The Chancellor’s assumption is that all companies will take on the same amount of contractors so he’ll get his £400m.

If a poll proves that assumption wrong and that he will get a lot less, nothing at all or even loses money by bringing this in, then he loses all justification for bringing this change in.

He’s only doing it for the money – and if there’s no money in it, it would be stupid to force a model on the UK’s companies that they don’t want.

I would be willing to bet heavily that a poll asking companies how many more or fewer contractors that they would hire after this change was brought in would show that the Chancellor would lose mony by doing this.

I think it is a racing certainty.

Off Payroll Poll Needed

So, is there anyone out there willing to poll client organisations to see what effect it would have on their hiring of contractors in the future?

It’s the only way that the Chancellor would change his mind. That is if someone showed him that it wouldn’t bring in any extra money and may even cost money.

After they take the poll they should ask the Treasury for their calculations on how they came to this figure of £400m. They could then factor in the number of contractors there will be after the changes and then come up with a new figure.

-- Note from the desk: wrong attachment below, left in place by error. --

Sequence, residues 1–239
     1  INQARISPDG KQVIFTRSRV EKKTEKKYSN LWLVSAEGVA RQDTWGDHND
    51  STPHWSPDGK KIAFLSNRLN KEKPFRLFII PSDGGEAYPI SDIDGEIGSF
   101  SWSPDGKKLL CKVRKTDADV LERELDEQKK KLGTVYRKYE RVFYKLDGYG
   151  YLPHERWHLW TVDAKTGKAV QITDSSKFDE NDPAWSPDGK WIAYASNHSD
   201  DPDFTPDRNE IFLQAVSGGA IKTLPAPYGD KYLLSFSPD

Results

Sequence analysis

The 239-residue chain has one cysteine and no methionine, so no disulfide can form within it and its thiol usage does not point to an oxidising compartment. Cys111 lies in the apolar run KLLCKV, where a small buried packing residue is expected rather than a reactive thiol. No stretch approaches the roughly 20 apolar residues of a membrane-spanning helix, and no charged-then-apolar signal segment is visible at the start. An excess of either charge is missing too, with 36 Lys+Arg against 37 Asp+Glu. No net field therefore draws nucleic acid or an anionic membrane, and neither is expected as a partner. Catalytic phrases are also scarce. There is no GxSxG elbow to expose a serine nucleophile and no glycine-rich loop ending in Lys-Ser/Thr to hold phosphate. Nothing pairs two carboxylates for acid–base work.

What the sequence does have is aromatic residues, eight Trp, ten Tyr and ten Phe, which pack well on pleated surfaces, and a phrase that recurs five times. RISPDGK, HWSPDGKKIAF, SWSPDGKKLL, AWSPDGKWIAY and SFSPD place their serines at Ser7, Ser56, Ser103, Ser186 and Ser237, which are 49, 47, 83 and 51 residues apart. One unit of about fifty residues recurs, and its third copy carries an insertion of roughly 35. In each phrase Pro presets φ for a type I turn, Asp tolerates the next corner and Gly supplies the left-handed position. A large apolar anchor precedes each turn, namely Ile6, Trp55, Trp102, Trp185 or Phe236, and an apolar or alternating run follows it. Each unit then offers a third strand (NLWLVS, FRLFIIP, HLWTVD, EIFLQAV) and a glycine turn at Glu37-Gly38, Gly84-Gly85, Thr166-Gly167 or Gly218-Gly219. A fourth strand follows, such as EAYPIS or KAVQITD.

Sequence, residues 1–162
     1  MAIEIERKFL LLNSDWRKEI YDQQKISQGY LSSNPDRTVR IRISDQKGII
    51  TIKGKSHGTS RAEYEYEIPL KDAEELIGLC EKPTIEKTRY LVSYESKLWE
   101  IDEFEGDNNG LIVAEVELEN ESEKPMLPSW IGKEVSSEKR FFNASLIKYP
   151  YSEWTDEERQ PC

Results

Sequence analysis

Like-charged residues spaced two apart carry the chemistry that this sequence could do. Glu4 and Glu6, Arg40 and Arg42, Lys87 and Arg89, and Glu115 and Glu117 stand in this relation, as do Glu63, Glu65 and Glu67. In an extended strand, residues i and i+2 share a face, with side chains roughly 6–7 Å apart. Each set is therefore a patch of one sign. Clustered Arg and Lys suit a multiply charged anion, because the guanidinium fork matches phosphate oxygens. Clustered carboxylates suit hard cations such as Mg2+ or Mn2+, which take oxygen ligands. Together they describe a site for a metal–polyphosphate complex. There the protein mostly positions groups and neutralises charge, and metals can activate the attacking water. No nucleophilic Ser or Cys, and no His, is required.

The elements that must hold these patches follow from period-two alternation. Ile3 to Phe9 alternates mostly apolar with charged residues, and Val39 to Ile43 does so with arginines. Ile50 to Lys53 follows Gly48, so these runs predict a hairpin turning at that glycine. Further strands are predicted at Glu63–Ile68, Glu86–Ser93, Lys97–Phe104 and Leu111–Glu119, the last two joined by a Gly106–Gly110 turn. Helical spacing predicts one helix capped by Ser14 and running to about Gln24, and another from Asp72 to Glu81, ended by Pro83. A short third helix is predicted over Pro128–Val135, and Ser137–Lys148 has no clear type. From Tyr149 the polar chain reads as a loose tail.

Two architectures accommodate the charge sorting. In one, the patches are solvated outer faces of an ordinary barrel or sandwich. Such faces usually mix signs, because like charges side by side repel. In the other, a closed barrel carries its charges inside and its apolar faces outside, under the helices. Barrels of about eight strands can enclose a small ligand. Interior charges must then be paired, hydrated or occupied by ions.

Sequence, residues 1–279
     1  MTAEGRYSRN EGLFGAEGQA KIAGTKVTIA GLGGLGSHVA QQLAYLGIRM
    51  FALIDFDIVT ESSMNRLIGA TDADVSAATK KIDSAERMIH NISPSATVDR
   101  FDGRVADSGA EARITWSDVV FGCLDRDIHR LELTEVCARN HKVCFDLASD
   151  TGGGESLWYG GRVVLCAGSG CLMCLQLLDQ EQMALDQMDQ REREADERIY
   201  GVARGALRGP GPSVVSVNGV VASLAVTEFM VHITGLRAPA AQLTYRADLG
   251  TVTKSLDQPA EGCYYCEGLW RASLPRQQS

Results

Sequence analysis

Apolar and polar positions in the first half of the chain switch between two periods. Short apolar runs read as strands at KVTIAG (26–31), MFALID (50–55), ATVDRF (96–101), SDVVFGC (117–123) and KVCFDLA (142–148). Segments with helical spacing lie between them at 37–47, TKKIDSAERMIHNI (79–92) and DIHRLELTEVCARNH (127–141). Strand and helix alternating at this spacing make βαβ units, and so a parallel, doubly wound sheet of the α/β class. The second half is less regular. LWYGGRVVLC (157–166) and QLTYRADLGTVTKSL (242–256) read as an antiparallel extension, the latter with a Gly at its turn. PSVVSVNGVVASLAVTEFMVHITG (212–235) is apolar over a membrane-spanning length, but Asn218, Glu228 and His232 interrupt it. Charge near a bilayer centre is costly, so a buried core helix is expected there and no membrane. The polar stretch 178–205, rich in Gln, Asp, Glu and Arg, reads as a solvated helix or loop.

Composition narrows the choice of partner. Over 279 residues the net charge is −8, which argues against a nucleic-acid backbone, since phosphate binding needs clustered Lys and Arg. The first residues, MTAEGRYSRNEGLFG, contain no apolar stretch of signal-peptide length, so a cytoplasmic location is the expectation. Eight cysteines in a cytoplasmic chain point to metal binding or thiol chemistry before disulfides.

If it came up with a figure that was less than the Treasury is getting now then that would be game, set and match to contractors and the Treaury, Chancellor and Conservatives must concede defeat.

How would they get a bill that was going to lose them money through Parliament?

Off Payroll Crackdown Battlefield

It is crucial that contractors fight the Chancellor, Treasury and Conservatives on the only battlefield where we can win – and that is in the area of money and how much more (or less) that this tax will bring in.

But is there anyone out there who will do the polling of companies that is needed?

If you know anyone that might, put this article in front of them.